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‘Crying Girl’ trumps World Press Photo Contest

World Press Photo Contest has crowned Crying Girl on the Border, by US photojournalist John Moore, as 2019 Photo of the Year. Australian photographer, Chris McGrath, won the General News Singles category.

Crying Girl on the Border, World Press Photo Contest Photo of the Year, John Moore, Getty Images.

The winning photo, which also won the Spot News Singles category, illustrated US president Donald Trump’s ‘zero tolerance’ policy toward illegal immigrants entering the USA.

‘Immigrant families had rafted across the Rio Grande from Mexico and were then detained by US authorities. Sandra Sanchez said that she and her daughter had been traveling for a month through Central America and Mexico before reaching the US to seek asylum. The Trump Administration had announced a ‘zero tolerance’ policy at the border under which immigrants caught entering the US could be criminally prosecuted. As a result, many apprehended parents were separated from their children, often sent to different detention facilities. After this picture was published worldwide, US Customs and Border Protection confirmed that Yanela and her mother had not been among the thousands who had been separated by US officials. Nevertheless, public outcry over the controversial practice resulted in President Donald Trump reversing the policy on 20 June. ‘

Crying Girl on the Border, which beat 78,801 other images by 4738 photographers, became controversial after accusations the image misrepresented the child as being separated from her mother when she was not.

Moore never explicitly said the child was separated from her mother, the closest he came were these quotes shortly after publishing the capture.

‘As a father myself, it was very difficult for me to see these families detained, knowing that they could soon be split up. I could see on their faces that they had no idea what could possibly happen,’ he said to Getty’s Foto blog.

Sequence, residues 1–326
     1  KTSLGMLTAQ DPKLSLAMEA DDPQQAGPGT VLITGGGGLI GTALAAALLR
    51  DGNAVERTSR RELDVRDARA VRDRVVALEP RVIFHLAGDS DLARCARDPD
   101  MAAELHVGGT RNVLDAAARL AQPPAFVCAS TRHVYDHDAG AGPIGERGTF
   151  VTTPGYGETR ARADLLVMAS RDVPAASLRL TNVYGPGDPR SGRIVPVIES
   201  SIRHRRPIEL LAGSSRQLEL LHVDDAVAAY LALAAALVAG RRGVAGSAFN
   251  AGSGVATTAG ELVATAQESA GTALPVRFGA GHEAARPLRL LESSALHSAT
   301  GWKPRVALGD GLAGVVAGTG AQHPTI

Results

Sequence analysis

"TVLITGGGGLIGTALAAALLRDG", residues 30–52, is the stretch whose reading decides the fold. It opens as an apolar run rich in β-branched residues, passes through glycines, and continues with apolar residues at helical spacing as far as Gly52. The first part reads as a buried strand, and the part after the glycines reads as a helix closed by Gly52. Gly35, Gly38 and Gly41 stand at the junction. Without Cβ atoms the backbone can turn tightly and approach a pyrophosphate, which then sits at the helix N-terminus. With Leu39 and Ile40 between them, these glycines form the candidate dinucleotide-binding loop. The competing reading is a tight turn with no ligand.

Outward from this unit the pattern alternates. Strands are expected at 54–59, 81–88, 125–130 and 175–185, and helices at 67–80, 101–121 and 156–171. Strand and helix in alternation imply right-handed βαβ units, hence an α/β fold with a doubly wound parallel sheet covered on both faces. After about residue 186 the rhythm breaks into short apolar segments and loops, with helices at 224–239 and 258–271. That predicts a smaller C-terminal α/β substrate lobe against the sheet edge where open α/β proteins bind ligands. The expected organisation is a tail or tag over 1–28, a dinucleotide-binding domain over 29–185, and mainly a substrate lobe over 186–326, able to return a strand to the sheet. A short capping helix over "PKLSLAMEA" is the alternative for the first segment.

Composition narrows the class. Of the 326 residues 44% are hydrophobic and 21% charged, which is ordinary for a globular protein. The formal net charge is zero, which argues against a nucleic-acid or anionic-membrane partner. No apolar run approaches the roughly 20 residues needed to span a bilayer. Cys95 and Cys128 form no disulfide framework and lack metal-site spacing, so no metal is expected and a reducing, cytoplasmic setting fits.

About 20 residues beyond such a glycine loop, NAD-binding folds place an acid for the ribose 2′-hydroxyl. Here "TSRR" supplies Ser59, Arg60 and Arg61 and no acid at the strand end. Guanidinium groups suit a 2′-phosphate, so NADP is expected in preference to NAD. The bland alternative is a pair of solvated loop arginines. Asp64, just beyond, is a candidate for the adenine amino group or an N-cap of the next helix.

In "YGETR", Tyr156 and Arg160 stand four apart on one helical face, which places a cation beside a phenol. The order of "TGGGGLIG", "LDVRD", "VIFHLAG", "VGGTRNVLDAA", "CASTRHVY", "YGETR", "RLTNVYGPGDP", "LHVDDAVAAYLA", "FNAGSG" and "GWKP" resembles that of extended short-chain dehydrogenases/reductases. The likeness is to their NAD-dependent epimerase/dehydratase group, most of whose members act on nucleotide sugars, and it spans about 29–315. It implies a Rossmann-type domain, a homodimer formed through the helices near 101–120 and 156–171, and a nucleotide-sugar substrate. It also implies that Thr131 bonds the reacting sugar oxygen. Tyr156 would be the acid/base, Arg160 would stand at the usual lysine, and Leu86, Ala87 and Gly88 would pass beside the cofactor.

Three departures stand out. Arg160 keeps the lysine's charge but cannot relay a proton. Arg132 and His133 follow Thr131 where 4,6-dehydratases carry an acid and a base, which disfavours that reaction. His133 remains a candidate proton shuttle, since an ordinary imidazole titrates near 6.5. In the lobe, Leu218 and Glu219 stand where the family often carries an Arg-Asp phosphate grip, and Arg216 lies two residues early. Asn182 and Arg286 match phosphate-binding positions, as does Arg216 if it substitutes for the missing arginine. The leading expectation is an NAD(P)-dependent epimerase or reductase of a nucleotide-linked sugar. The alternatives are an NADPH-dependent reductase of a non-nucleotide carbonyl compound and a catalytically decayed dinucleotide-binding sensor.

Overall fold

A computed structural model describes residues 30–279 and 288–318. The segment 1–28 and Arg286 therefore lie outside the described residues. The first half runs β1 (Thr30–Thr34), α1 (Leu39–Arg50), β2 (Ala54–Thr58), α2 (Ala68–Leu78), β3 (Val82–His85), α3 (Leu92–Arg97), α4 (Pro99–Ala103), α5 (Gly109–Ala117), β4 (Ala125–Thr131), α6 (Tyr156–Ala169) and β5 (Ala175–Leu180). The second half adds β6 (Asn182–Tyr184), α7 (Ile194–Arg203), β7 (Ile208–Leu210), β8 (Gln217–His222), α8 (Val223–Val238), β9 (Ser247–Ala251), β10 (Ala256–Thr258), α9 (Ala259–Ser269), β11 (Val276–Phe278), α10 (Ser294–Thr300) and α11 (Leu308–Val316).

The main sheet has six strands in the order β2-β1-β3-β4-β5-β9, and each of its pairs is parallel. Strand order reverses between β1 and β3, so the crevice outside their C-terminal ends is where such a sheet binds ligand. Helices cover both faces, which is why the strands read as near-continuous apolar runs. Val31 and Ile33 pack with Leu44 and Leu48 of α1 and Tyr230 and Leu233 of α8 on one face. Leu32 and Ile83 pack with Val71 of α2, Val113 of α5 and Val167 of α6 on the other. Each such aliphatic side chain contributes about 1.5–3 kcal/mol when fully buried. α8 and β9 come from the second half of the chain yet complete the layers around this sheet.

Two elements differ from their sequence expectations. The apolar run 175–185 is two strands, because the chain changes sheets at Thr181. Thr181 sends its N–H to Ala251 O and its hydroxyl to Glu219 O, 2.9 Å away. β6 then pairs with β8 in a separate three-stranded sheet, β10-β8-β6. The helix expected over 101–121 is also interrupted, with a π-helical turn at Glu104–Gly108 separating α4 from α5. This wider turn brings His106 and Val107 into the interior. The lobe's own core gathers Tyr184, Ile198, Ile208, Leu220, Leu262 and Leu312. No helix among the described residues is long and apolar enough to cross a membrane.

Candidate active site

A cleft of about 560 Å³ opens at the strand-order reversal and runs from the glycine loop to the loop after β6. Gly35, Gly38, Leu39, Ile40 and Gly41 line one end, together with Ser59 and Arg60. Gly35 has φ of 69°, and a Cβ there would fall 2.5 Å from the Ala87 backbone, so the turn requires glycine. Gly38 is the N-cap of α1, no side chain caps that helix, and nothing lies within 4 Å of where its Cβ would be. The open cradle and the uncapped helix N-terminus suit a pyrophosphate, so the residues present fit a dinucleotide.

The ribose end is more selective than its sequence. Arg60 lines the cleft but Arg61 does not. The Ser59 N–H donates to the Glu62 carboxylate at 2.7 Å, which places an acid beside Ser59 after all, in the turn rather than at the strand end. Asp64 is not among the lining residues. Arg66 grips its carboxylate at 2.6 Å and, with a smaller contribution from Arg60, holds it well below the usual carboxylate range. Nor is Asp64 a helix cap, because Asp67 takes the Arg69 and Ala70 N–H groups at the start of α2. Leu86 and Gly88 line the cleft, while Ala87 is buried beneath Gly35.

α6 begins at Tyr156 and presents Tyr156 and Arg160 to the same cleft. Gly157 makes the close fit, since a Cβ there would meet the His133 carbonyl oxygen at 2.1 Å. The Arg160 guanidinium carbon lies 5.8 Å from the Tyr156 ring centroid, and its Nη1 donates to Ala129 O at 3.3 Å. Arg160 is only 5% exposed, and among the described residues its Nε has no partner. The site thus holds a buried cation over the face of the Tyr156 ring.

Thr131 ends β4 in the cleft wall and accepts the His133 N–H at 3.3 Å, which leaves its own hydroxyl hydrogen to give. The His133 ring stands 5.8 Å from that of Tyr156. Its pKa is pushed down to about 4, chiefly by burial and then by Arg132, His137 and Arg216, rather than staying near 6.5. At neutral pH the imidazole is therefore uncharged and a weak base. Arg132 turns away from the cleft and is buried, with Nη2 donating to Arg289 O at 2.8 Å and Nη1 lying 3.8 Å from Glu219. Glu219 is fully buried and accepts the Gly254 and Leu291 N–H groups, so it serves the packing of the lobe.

And he told the Washington Post, ‘I don’t know what the truth is. I fear they were split up’.

The White House and political commentators argued that the image clearly suggested the family was being separated, with anti-Trump media weaponising the image to push an agenda. It was called ‘fake news’.

The most controversial use of Moore’s images was this Time cover.

‘The image is a sad one, but it is of a rather standard occurrence at the border: A mother and her daughter attempted to immigrate illegally and were apprehended,’ wrote political reporter, Aaron Blake, for Washington Post. ‘The mother, in fact, had tried this before and was deported in 2013. The photo says virtually nothing about Trump’s now-aborted policy. In fact, it’s an example of how not all young children were separated from their parents.’

Commenting on the controversy, Moore said ‘our photographs sometimes take on a life of their own later on. As photojournalists, we can’t always control that narrative’.

Here’s what the World Press Photo judges said about the image:

‘It immediately tells you so much about the story. And at the same time, it really makes you feel so connected to it (…). This picture shows a different kind of violence that is psychological,’ said Alice Martins, WPP judge and photojournalist.

‘Ideally a [World Press Photo] Photo of the Year would be surprising, unique, relevant, memorable. The details in the picture are interesting. From the gloves that the border patrol officer is wearing to the fact that the shoelaces have been removed,’ said Whitney Johnson, jury chair.

Almost every year WPP runs into a criticism, whether it’s for providing a platform to terrorists, staged photos, or Photoshopped images. This year many online commenters felt the judges are making a political statement, rather than choosing a genuinely great press photo.

Getty photographer, Chris McGrath, took out the General News category with his image The Disappearance of Jamal Khashoggi, which was in the running for the top prize.

Photo: Christ McGrath.

‘An unidentified man tries to hold back the press as Saudi investigators arrive at the Saudi Arabian Consulate in Istanbul, Turkey, amid a growing international backlash to the disappearance of journalist Jamal Khashoggi.

A critic of the Saudi regime, Khashoggi had been missing since entering the consulate on 2 October to obtain documents. After weeks of rumor and false information, Riyadh announced that Khashoggi had been killed accidentally during an altercation. Turkish authorities and the CIA claimed he had been murdered by Saudi intelligence operatives, working under high Saudi authority. ‘

Another Australia photographer, David Gray, came second in the Sports Singles category for his photo, Sunlight Serve.

David Gray, second place in Sports Singles, Sunlight Serve. Naomi Osaka serves during her match against Simona Halep from Romania during the Australian Open tennis tournament, at Margaret Court Arena, Melbourne, Australia, on 22 January.

Here’s a gallery of the Singles category winners.

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